Still ahead this morning on STARTING POINT, we're going to talk to the lawmakers behind this new GOP Medicare plan. Higher premiums for wealthier retirees is just part of it.

Also, this story. A teacher has her fifth graders send cards to her boyfriend in prison. And some of those letters because the whole thing is ridiculous, included the kids' home addresses.

TAIBBI: It's very sweet.

O'BRIEN: Yes. Yes.

TAIBBI: A sweet, sweet story.

O'BRIEN: It's a sweet valentine --

LEE: No, it's not.


O'BRIEN: I like that. That is a good song to start your morning. That is off of Senator Richard's playlist.

Let's get right to some headlines. Christine has those for us. Good morning.

ROMANS: Good morning, Soledad.

The United States is in the middle of secret talks with Afghanistan officials in Kabul. Afghan President Harmid Karzai said talks could lead to full pledge peace negotiations, but U.S. officials say discussions are only preliminary at this point and the Taliban has stated it would not negotiate directly with Karzai.

Teams are now working to identify the charred bodies of more than 300 people killed in a prison fire in Honduras. Investigators believe a short circuit or a mattress fire may have sparked the deadly blaze. Those people all trapped.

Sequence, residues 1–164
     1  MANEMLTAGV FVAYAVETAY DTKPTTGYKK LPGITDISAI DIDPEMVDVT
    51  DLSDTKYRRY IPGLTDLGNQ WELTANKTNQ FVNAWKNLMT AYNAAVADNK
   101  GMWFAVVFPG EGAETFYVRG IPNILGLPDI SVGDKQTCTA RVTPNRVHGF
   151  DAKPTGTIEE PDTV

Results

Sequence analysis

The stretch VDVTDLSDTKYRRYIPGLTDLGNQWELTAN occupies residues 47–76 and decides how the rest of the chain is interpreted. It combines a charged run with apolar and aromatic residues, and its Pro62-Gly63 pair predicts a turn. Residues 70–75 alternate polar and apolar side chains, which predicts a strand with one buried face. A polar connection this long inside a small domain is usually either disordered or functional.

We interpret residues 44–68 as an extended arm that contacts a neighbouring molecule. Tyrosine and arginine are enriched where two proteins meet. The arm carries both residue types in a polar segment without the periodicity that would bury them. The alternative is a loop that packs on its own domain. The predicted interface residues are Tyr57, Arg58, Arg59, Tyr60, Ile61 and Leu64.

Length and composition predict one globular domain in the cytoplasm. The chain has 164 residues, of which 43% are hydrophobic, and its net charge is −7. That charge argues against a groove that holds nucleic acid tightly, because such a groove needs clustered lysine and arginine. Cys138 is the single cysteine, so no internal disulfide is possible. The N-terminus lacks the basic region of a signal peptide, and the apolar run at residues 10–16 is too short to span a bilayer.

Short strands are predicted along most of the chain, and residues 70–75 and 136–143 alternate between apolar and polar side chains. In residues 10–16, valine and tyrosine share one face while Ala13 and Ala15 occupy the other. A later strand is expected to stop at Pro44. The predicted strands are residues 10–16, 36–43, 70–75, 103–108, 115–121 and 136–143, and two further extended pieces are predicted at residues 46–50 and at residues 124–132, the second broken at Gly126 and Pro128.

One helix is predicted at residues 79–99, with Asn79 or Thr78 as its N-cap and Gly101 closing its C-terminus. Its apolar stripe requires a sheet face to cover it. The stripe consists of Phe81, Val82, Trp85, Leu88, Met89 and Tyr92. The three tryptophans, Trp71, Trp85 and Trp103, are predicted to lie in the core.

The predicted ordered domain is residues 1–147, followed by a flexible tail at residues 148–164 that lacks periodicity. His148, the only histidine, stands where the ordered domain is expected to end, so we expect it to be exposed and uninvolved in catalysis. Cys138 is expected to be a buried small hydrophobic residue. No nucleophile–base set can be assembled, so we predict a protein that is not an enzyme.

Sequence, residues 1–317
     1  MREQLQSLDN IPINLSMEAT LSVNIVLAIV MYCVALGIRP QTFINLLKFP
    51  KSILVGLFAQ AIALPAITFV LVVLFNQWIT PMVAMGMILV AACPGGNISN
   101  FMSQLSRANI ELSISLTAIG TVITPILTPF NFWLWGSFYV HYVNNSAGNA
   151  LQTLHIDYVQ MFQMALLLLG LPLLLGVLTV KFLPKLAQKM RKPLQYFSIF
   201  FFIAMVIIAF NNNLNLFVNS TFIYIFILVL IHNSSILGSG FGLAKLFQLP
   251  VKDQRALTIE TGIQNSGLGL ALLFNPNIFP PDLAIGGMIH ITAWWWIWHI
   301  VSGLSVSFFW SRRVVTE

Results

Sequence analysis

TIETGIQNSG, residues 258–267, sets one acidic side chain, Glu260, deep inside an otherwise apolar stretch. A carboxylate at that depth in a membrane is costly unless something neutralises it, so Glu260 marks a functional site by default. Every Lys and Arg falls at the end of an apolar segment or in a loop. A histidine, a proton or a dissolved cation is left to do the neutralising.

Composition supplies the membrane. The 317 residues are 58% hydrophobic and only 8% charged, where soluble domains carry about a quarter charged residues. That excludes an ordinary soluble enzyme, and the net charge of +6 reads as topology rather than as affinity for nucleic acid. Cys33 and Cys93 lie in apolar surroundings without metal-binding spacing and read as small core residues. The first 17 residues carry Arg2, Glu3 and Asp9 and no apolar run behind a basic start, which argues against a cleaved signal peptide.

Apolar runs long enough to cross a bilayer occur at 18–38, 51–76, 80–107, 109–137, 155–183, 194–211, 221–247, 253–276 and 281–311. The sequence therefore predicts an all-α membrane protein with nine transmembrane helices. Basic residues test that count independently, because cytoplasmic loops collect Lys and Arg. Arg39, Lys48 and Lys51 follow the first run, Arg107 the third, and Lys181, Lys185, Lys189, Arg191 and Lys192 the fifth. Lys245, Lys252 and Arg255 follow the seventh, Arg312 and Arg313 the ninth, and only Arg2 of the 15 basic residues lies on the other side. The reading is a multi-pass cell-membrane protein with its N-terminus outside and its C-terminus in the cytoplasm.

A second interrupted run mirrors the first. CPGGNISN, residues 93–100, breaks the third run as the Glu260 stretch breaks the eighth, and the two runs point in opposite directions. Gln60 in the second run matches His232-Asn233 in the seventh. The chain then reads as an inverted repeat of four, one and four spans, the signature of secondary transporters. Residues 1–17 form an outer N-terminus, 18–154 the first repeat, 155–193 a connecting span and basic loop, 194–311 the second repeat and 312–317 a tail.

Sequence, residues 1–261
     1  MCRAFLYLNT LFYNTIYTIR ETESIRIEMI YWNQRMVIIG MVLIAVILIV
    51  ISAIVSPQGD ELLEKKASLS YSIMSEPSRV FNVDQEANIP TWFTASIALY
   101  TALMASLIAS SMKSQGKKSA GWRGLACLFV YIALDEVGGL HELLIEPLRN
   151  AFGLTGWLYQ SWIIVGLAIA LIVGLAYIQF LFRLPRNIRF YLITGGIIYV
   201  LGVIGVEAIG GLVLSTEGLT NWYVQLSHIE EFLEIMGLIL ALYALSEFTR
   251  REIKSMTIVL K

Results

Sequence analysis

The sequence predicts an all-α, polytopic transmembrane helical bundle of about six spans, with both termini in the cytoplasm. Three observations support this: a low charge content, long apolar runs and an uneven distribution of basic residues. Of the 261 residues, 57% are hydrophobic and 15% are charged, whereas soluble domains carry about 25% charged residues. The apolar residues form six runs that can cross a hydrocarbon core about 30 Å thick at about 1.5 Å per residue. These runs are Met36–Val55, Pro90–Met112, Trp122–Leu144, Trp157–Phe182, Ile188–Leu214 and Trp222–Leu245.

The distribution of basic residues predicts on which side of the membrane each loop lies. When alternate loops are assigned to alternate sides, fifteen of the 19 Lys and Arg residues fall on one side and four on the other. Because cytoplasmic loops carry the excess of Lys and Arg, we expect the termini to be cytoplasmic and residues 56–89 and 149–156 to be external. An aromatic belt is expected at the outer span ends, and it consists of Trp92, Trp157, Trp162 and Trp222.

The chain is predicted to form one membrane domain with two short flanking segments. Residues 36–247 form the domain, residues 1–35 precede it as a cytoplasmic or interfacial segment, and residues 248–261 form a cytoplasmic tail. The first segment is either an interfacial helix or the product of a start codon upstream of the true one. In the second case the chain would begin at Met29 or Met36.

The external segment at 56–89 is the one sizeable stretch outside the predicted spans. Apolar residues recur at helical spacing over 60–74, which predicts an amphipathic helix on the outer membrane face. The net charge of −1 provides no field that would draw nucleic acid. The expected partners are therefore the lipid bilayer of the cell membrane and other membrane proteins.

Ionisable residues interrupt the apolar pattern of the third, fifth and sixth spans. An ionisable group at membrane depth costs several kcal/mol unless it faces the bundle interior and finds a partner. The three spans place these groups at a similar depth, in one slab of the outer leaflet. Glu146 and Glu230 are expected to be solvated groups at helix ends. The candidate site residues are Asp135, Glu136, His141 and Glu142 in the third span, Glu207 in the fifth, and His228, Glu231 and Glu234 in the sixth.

The defense makes its case in the University of Virginia lacrosse murder trial. Lawyers for defendant George Huguely say his ex-girlfriend, Yeardley Love, had at least seven drinks. Her blood alcohol was 0.18 she likely suffocated from burying her mouth and nose in her pillow.

The medical expert blamed CPR for her bleeding and the prosecution and the problems that neuropathologists found in her brain do not explain why Love would be in the position, you know, face down on a pillow. Huguely faces murder charges in her death.

Eighteen students at Texas Christian University including four football players have been arrested for selling drugs. Police say the students sold various drugs such as cocaine, ecstasy, weed, acid and prescriptions. The bust is the result of a six-month undercover investigation.